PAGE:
Visit Riquewihr

Riquewihr, the most famous and most visited town, surrounded by vineyards. Its well-preserved houses and ramparts give it an incredible charm. Riquewihr is one of the towns that were spared by WW I and WW II, which makes it authentic.

Its history

Riquewihr is rich and its origin dates back to Roman times.

A castle was present there as early as 1000, the castle of Reichenstein. In 1049 a donation was made to the monastery of Sainte-Croix-en-Plaine.

The Reichenstein noble family took over the town, they were renowned as robber lords.

The future emperor of Germany Rudolf of Habsburg decided in 1269 to restore order and security in the face of Reichenstein domination by besieging the castle. The troops of Colmar and Strasbourg accompanied Rudolf of Habsburg.

The captured lords have been sentenced to death were hanged near the castle. After the execution, Rudolf of Habsburg travelled to Riquewirh where he shared a glass of wine with the locals.

With the destruction of Riquewihr Castle begins a prosperous period for the town. Riquewirh, which had become the property of Horbourg, acquired a wall, a moat and two gates that protected its neighboring villages.

Riquewihr was sold in 1324 to Ulrich X of Wurtenberg, who was engaged to marry Henriette de Montfaucon, daughter of the Count of Montbéliard. With this alliance Riquewihr became the capital of Wurtenberg-Montbéliard and prospered thanks to the flourishing wine trade that was exported throughout the Empire.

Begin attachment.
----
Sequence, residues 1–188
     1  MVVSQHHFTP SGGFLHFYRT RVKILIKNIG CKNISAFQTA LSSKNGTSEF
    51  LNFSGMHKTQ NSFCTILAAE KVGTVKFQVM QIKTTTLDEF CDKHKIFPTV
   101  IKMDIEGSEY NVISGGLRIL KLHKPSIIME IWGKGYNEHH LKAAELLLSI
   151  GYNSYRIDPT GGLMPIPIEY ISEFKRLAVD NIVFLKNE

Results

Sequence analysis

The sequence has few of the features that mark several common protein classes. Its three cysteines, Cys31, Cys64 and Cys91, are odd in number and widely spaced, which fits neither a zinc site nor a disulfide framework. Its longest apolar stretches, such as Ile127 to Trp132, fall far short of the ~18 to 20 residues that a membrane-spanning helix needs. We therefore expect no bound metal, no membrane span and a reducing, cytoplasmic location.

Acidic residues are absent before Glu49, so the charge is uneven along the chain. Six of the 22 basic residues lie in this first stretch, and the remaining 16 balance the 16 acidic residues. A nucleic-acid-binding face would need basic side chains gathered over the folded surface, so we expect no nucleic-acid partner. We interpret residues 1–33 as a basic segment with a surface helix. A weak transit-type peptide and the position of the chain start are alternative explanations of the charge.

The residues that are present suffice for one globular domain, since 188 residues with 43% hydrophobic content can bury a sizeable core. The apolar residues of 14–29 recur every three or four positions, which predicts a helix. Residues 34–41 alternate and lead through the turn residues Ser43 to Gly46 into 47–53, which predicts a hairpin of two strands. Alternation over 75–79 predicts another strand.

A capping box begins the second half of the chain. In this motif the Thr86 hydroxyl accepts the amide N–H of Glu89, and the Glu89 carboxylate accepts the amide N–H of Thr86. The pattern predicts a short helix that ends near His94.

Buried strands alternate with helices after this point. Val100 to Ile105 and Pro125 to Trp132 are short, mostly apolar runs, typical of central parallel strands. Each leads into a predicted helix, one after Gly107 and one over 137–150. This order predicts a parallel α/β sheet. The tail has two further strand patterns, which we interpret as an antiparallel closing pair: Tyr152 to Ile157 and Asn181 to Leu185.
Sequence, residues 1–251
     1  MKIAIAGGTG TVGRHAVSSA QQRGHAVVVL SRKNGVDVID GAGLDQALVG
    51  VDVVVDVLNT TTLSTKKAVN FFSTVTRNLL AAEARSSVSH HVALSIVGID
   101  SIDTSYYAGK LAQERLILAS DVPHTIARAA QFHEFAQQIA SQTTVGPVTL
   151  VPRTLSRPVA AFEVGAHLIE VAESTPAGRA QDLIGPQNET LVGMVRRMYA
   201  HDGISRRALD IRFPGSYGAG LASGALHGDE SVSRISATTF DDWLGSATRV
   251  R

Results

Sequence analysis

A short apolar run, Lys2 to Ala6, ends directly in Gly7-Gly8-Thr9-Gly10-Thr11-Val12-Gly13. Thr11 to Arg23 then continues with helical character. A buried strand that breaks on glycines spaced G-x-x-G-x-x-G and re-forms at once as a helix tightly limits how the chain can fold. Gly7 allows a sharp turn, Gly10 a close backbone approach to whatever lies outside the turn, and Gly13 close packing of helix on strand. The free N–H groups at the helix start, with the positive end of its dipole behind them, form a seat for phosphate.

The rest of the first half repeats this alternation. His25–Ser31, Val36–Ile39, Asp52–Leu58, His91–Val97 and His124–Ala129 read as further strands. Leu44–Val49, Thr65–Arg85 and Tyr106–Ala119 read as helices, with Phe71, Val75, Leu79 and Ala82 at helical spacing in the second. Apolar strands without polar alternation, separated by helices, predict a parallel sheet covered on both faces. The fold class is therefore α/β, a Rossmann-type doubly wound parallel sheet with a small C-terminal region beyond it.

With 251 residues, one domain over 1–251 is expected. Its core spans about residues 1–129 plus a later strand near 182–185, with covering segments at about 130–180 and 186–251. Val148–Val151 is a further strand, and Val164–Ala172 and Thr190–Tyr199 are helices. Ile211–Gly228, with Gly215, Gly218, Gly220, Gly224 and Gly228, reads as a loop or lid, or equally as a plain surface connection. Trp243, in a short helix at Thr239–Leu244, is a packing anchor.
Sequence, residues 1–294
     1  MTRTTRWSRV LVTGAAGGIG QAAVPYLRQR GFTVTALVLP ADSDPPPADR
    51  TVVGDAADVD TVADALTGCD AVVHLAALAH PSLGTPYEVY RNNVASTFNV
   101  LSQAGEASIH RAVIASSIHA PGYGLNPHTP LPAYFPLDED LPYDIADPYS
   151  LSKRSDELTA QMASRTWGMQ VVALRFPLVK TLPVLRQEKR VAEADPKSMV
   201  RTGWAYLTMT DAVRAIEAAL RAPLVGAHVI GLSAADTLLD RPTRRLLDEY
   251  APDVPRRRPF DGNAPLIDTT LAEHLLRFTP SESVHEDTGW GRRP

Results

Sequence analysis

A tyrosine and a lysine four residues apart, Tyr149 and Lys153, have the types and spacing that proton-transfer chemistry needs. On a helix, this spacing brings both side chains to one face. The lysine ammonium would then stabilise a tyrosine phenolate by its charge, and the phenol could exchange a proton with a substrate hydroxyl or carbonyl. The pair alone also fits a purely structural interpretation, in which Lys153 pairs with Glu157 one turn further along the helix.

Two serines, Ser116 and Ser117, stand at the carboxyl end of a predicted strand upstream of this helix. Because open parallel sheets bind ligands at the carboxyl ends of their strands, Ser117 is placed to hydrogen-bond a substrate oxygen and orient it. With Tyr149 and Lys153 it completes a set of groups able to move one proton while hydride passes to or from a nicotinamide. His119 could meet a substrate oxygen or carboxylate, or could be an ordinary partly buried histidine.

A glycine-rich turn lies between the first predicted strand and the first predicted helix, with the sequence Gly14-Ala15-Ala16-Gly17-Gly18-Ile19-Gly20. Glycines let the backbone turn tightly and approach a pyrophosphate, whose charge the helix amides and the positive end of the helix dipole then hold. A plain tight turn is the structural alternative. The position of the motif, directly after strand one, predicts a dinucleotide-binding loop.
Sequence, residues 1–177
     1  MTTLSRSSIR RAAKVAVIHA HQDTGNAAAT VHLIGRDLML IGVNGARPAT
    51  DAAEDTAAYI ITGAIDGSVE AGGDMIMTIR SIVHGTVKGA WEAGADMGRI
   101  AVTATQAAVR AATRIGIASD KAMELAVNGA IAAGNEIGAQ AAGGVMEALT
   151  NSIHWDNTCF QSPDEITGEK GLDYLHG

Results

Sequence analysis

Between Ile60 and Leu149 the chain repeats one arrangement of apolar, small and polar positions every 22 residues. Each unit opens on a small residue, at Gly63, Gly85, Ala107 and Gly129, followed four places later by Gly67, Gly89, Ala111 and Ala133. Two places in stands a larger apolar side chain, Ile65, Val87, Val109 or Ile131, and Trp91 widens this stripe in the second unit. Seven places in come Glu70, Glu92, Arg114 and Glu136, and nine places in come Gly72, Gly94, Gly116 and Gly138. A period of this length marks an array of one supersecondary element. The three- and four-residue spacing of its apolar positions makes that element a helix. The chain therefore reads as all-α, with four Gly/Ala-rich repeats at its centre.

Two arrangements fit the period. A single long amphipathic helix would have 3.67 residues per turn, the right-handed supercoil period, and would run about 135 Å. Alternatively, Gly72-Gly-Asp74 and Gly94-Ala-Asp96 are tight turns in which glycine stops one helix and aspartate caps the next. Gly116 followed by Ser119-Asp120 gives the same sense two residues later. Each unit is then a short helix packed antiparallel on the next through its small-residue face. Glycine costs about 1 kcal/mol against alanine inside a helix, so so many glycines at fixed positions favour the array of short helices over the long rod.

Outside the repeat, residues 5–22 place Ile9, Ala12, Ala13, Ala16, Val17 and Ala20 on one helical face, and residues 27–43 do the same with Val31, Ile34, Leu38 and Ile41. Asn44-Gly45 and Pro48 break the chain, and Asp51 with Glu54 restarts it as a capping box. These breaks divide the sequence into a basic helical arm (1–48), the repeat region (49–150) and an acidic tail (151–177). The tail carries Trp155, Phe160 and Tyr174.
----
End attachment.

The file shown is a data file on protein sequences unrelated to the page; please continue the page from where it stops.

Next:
This prosperity lasted until the Thirty Years’ War when Alsace faced all the armies that looted and ransomed everything in their path.

The Duke of Wurtenberg commissioned Michel Hauweber to defend Riquewihr and the surrounding area at all costs.

The inhabitants resisted and finally opened the doors in June 1635, after a promise not kept by Colmar’s reinforcements, which stated that they would keep the entire population save if they opened the doors of Riquewihr.

Executions and settling scores are thus perpetrated.

Riquewihr then suffered an epidemic of plague, cholera, typhus, famine and the passage of the French armies in 1675, putting Riquewihr and its inhabitants in a difficult situation.

Louis XIV took possession of Riquewihr in 1680, which left it under the laws and customs of the Count of Wurtenberg, and it was attached to France in 1786.However, during the Revolution, the Wurtenbergs abandoned all possessions in Alsace and Montbéliard.

World War II miraculously spared Riquewihr, unlike the neighboring villages.